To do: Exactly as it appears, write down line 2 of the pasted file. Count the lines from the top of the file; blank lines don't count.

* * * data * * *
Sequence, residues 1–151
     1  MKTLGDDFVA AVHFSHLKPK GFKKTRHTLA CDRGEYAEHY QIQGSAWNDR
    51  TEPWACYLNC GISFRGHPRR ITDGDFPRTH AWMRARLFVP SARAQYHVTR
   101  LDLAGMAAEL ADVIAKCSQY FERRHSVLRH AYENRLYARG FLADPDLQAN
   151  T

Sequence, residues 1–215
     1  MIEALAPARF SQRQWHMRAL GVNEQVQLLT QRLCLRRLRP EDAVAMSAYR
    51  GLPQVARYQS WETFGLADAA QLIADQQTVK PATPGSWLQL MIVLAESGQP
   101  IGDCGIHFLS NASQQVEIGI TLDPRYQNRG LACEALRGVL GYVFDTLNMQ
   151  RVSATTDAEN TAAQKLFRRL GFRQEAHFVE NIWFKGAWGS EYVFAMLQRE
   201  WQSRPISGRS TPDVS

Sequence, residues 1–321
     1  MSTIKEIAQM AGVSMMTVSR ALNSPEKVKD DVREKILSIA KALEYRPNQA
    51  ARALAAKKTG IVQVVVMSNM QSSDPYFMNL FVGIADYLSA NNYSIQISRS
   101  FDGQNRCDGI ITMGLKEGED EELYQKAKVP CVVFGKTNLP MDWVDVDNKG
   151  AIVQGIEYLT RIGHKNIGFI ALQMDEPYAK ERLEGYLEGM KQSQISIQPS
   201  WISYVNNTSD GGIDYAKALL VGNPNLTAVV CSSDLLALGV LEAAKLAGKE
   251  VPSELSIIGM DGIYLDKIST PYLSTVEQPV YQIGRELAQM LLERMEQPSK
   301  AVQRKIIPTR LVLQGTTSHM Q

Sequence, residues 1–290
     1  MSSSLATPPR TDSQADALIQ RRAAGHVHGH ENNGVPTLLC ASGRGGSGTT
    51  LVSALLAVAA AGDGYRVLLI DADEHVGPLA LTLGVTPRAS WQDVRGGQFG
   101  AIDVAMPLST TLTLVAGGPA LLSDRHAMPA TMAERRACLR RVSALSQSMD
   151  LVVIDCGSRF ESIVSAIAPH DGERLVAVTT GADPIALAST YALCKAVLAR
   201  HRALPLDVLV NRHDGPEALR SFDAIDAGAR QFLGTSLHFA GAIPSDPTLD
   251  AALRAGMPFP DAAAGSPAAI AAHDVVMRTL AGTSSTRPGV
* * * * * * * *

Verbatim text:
     1  MKTLGDDFVA AVHFSHLKPK GFKKTRHTLA CDRGEYAEHY QIQGSAWNDR